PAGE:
Now, let's move into the demo section to make our hands dirty with the kubebuilder tool this time.

Demo

In this demo, we are going to validate Pods against labels that we marked as required. If necessary annotations exist on Pod, then we allow the Pod creation, if not, we don’t.

Prerequisites

  • Minikube v1.18.1
  • Kubebuilder v2.3.2
  • kubectl v1.20.5
  • Go v1.16.3

I’m going to do this demo on the macOS environment, so, you can use “brew” which is a package manager for macOS to install all the tools above.

ValidatingAdmissionWebhook for Pod

Since we are working with operator-sdk, kubebuilder commands might be familiar to us.

Let’s create the directory for the project

$ mkdir -p pod-validatingwebhook
$ cd pod-validatingwebhook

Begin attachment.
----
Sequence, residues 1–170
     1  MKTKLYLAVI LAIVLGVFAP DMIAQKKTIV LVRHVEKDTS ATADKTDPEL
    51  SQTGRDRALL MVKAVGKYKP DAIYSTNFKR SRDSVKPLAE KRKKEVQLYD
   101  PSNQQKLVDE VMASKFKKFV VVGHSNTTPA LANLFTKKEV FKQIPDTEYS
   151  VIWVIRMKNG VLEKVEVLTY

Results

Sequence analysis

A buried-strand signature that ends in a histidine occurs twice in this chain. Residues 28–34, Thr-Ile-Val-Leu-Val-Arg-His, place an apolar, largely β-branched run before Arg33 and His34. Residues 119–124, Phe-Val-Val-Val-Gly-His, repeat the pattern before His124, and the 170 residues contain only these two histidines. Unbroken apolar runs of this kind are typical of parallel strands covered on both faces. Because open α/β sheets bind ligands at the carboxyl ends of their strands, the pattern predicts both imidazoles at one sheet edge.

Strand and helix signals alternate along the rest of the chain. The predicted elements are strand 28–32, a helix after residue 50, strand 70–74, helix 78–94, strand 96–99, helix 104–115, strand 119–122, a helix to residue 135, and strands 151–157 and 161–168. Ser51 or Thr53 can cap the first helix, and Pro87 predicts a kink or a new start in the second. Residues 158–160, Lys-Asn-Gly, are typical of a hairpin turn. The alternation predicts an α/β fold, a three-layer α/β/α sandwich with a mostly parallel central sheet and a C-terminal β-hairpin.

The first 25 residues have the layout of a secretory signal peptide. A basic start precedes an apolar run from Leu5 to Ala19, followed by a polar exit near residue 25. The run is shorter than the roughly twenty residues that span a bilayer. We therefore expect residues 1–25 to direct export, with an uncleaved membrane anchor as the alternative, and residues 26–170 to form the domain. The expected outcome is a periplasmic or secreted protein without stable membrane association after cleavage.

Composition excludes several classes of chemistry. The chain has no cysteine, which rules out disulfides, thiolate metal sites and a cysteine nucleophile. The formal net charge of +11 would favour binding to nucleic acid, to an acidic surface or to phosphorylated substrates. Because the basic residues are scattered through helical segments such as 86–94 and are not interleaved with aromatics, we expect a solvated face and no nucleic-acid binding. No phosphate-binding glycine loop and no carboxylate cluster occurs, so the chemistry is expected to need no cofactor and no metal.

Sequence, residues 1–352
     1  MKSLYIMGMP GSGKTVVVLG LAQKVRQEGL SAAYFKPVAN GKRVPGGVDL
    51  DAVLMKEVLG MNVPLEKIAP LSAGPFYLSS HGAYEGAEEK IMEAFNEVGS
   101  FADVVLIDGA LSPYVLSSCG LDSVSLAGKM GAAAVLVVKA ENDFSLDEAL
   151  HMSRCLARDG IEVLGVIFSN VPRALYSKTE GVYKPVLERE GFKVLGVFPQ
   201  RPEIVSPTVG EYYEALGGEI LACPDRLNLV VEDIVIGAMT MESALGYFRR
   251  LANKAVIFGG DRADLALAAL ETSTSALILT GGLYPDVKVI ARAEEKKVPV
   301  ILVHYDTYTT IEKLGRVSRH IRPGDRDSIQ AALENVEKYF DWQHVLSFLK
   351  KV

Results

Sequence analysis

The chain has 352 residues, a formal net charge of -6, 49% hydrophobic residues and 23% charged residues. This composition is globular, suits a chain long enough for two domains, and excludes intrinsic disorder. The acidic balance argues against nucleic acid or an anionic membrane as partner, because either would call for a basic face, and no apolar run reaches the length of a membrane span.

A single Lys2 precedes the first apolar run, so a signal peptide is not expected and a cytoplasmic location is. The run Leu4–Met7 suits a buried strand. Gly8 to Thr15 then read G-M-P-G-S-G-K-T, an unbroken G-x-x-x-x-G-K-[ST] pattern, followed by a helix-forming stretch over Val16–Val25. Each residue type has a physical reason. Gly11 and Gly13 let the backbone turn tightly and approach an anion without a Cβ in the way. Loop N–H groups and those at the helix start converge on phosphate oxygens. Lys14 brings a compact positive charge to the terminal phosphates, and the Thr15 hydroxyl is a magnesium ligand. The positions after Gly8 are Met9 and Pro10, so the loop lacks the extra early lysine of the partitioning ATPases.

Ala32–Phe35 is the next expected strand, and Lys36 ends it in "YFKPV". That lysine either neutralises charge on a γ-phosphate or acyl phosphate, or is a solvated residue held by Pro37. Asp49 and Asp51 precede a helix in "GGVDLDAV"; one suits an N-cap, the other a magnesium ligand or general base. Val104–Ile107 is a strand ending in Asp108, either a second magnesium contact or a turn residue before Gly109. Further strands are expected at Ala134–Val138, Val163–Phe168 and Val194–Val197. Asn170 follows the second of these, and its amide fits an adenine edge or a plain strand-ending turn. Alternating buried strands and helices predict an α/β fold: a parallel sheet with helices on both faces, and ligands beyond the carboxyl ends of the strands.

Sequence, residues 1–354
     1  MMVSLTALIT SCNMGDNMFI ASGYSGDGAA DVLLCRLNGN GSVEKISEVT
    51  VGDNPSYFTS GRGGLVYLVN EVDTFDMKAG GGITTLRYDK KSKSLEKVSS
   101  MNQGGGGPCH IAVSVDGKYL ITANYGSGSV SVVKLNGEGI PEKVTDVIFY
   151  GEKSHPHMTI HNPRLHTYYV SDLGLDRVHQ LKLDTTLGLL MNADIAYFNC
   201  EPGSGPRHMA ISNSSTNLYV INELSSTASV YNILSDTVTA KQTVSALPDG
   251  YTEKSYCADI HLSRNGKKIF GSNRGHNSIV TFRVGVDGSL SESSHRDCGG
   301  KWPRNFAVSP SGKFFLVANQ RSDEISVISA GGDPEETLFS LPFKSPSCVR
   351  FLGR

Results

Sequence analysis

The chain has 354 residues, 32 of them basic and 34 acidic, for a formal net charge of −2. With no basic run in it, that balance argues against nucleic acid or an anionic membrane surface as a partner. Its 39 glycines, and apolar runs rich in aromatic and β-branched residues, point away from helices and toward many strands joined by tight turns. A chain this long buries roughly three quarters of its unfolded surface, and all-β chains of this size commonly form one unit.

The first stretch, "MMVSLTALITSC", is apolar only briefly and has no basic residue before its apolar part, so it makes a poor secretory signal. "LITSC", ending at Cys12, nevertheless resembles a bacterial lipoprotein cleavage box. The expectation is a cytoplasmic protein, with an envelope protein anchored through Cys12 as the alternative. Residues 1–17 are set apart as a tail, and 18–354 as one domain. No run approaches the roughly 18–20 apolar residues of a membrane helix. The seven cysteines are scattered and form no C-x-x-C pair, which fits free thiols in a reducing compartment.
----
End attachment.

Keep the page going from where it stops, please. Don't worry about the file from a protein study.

Before initializing the project template with kubebuilder we should create go modules first:

$ go mod init pod-validatingwebhook
go: creating new go.mod: module pod-validationwebhook

To initialize the project template we should run the following command:

$ kubebuilder init --domain developer.guy --license none --owner "developer-guy"
Writing scaffold for you to edit...
Get controller runtime:
$ go get sigs.k8s.io/controller-runtime@v0.5.0
Update go.mod:
$ go mod tidy
Running make:
$ make
go: creating new go.mod: module tmp
go get: added sigs.k8s.io/controller-tools v0.2.5
/Users/batuhan.apaydin/go/bin/controller-gen object:headerFile="hack/boilerplate.go.txt" paths="./..."
go fmt ./...
go vet ./...
go build -o bin/manager main.go
Next: define a resource with:
$ kubebuilder create api
# Look at the directory structure, you should see similar to the following
$ tree -L 2 .
.
├── Dockerfile
├── Makefile
├── PROJECT
├── bin
│ └── manager
├── config
│ ├── certmanager
│ ├── default
│ ├── manager
│ ├── prometheus
│ ├── rbac
│ └── webhook
├── go.mod
├── go.sum
├── hack